‘Pakistan, World Bank begin talks on Kishanganga dam in Kashmir’
Pakistan and World Bank have started talks here over the recently-inaugurated Kishanganga hydropower project in Jammu and Kashmir, with Islamabad accusing New Delhi of violating the Indus Waters Treaty by setting up the dam, reports claimed.
According to a report published by newsgatherer IANS, a four-member Pakistan delegation, led by Attorney General Ashtar Ausaf, arrived in Washington on Sunday for three-day talks aiming to convince the World Bank authorities to set up a court of arbitration to resolve the issue. Islamabad fears the project might reduce the water flow into its territory. The World Bank is the nodal body on the Indus Waters Treaty.
India says it has the right under the treaty to set up hydropower plants on the tributaries of the rivers flowing through its territory, said the report.
The Pakistan government on its Twitter handle said on Tuesday: “Pakistan and World Bank have started talks in Washington on India’s Kishanganga hydropower project on River Neelum in occupied Kashmir. The Pakistani delegation is led by Attorney General Ashtar Ausaf & Pakistan is demanding to set up a court of arbitration to settle the dispute, (SIC).”
Pakistan had voiced concern after Prime Minister Narendra Modi on May 19 inaugurated the 330-MW Kishenganga hydroelectric project in Jammu and Kashmir’s Bandipora district.
“Pakistan believes that the inauguration of the project without the resolution of the dispute is tantamount to violation of the Indus Waters Treaty,” a Foreign Office statement had said before the inauguration, the report mentioned.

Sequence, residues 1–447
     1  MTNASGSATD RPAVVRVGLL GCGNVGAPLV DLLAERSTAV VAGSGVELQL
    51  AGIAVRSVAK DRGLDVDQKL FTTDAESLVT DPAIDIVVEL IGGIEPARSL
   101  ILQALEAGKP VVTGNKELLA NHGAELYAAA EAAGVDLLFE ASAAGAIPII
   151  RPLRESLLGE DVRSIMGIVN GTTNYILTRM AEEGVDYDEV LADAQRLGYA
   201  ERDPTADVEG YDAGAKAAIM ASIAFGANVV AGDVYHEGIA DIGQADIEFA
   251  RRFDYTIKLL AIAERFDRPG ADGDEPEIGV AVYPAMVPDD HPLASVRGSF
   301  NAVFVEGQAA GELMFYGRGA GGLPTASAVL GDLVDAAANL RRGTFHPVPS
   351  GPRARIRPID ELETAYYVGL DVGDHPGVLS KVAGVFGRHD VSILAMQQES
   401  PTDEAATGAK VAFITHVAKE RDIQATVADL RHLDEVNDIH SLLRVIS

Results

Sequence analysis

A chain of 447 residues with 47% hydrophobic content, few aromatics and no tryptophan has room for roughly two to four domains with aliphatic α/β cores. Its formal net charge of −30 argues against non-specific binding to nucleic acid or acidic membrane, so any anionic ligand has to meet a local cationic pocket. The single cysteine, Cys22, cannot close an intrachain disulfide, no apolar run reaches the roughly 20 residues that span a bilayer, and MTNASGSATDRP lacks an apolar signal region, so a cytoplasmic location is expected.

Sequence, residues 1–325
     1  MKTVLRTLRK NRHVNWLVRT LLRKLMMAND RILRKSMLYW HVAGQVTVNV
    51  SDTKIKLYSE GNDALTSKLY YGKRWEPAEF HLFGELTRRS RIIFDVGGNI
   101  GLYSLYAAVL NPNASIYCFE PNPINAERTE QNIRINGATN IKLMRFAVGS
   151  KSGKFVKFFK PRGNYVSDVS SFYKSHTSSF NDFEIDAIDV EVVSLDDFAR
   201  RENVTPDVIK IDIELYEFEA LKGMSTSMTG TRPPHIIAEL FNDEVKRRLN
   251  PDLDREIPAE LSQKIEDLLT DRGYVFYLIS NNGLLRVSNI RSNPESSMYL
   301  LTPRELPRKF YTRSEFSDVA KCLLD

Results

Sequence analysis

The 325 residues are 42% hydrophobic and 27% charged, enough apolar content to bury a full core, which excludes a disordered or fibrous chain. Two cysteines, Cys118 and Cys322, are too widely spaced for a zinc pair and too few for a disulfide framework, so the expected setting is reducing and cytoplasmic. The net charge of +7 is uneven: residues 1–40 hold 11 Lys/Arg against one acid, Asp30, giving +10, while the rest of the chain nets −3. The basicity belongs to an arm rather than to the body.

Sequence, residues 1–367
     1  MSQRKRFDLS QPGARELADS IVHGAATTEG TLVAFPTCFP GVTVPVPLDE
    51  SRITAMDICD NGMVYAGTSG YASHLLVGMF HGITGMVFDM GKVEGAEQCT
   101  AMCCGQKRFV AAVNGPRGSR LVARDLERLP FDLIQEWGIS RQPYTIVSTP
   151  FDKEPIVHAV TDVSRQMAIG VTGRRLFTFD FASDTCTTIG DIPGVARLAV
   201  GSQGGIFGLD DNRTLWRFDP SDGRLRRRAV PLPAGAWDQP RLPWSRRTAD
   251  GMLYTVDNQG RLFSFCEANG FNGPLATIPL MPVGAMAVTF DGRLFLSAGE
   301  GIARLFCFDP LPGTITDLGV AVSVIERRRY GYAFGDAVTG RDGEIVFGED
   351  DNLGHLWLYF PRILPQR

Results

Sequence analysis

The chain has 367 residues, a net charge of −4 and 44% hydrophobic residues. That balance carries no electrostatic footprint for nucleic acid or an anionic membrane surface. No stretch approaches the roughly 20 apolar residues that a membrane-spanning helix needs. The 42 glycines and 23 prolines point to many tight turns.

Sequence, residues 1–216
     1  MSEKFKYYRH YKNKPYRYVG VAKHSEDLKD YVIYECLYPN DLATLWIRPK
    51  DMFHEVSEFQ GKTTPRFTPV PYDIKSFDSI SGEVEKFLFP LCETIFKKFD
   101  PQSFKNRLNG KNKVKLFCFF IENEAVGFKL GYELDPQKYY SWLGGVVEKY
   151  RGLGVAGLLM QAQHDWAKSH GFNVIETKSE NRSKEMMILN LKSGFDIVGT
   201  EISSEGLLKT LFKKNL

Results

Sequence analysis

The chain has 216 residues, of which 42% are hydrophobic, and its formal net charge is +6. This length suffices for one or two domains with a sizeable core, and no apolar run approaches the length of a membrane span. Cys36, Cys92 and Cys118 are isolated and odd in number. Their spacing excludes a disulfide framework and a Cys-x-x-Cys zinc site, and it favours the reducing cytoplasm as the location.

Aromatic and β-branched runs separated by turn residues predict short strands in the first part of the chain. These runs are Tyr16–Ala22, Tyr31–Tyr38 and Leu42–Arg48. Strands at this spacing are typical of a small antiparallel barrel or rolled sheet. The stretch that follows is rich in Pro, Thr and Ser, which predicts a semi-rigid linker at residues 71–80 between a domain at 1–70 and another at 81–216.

It said that the project “will violate the treaty that regulates the use of waters in the shared rivers” and protested against the construction of the project.
The Indus Waters Treaty is a 1960 water distribution pact between India and Pakistan. It gave India control over the water flowing from Beas, Ravi and Sutlej rivers. The control over the water flowing in three western rivers — the Indus, the Chenab and the Jhelum — all in Jammu and Kashmir — was given to Pakistan, IANS reported.
Islamabad had in the past reached out to the World Bank to express its objection to the design and construction of the 330 MW Kishanganga hydroelectric project and the 850 MW Ratle hydroelectric project on the tributaries of the Indus in Jammu and Kashmir.
The Kishanganga project was delayed for several years as Pakistan dragged India to the International Court of Arbitration, which ruled in India’s favour in 2013, reported IANS.